California's Supreme Court ruled that gay couples in the nation's biggest state can marry. (PHOTO CREDIT: AP PHOTO)
FROM CNN's Jack Cafferty:
There's a chance the issue of gay marriage could make an appearance in yet another election cycle.
The ruling by California's Supreme Court yesterday to overturn the ban on same-sex marriage has put the issue back in the political spotlight. It's something the three presidential candidates pretty much agree on. John McCain, Barack Obama and Hillary Clinton all oppose gay marriage – saying marriage should be between a man and a woman. They also say it should be up to the individual states to decide.
In 2004, Republicans used the issue of gay marriage to get socially conservative voters to come out and support President Bush in the battleground state of Ohio. But four years later it's very much an open question whether voters facing a shaky economy, skyrocketing gasoline prices, an ongoing war in Iraq will even make gay marriage a priority.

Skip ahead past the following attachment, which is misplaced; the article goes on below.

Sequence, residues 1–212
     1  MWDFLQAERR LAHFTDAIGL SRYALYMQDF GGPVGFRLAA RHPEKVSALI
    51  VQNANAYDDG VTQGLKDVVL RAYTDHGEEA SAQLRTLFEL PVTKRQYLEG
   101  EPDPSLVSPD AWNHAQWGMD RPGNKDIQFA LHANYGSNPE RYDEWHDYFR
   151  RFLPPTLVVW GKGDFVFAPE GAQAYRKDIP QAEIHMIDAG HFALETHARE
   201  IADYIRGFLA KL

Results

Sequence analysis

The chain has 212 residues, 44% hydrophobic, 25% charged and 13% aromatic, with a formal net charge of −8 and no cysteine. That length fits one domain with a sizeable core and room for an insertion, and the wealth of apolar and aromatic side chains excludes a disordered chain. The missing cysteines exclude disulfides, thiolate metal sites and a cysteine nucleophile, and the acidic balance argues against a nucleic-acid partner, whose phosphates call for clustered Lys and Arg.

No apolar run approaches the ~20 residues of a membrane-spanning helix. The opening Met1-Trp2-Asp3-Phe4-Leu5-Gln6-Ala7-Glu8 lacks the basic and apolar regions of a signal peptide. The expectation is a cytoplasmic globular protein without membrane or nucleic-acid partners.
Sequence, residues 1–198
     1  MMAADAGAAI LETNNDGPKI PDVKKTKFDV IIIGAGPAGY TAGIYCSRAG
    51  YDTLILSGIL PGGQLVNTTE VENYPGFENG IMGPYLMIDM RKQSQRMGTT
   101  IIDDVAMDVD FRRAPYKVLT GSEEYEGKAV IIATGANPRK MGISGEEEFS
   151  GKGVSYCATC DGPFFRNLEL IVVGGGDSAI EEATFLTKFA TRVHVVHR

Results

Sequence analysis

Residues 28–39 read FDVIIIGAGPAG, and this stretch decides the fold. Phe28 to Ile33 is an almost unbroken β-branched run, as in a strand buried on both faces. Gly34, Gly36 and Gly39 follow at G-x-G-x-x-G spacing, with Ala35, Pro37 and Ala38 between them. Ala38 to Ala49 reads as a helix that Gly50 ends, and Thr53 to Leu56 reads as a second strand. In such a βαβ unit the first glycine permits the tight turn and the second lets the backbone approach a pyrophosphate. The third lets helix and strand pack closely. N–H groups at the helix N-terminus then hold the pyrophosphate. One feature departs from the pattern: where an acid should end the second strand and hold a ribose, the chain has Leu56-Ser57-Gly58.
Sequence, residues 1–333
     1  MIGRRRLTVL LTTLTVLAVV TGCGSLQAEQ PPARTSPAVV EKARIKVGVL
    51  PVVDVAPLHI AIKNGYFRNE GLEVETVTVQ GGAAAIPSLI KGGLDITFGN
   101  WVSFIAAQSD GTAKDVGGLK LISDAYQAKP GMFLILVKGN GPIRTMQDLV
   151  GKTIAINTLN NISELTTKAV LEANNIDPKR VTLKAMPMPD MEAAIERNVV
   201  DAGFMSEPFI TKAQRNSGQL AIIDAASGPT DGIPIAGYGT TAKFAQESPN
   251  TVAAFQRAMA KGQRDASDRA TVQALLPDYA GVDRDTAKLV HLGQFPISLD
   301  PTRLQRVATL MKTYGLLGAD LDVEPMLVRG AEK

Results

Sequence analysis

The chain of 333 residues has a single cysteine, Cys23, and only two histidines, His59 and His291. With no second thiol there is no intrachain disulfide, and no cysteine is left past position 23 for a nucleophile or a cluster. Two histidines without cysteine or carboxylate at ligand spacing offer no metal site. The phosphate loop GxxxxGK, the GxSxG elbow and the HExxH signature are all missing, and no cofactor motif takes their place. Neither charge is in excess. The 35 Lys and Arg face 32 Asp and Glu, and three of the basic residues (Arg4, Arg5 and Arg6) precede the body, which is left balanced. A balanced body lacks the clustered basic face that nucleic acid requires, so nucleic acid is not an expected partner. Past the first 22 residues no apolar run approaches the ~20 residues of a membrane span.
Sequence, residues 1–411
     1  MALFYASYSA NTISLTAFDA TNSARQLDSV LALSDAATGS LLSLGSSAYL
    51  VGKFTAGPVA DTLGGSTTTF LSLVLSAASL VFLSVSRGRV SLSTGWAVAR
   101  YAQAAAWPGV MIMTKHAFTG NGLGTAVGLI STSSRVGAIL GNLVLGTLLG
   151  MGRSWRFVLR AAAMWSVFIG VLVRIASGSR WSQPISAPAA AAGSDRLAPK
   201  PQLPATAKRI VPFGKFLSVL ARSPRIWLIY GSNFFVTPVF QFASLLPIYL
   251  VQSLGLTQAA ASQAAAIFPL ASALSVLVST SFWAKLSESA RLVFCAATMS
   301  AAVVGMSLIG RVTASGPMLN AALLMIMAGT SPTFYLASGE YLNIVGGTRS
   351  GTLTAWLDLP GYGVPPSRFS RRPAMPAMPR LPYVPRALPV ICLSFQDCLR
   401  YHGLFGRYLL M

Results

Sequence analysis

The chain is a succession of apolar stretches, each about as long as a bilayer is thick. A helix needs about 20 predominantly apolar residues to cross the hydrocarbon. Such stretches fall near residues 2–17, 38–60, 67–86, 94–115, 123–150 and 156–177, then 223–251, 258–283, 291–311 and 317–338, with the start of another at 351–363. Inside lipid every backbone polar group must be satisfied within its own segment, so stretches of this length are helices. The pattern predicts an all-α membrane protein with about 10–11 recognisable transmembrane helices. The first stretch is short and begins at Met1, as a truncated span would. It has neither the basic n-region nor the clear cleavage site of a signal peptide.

One Republican strategist told The New York Times, "At best, it doesn't move voters, and at worst for Republicans, it works against them." He says the GOP could face a backlash for focusing on gay marriage when there is so much more at stake. A gay rights group also says it doesn't see this being "the same kind of issue that it was in 2004."
A poll taken last fall found that 55% of those surveyed said gay marriage would be not at all important or not too important in their vote for president. And that was before gasoline was flirting with $4 a gallon and the economy was staring at a recession.
Here’s my question to you: Will California's decision to legalize gay marriage be a factor in the presidential election?
Interested to know which ones made it on air?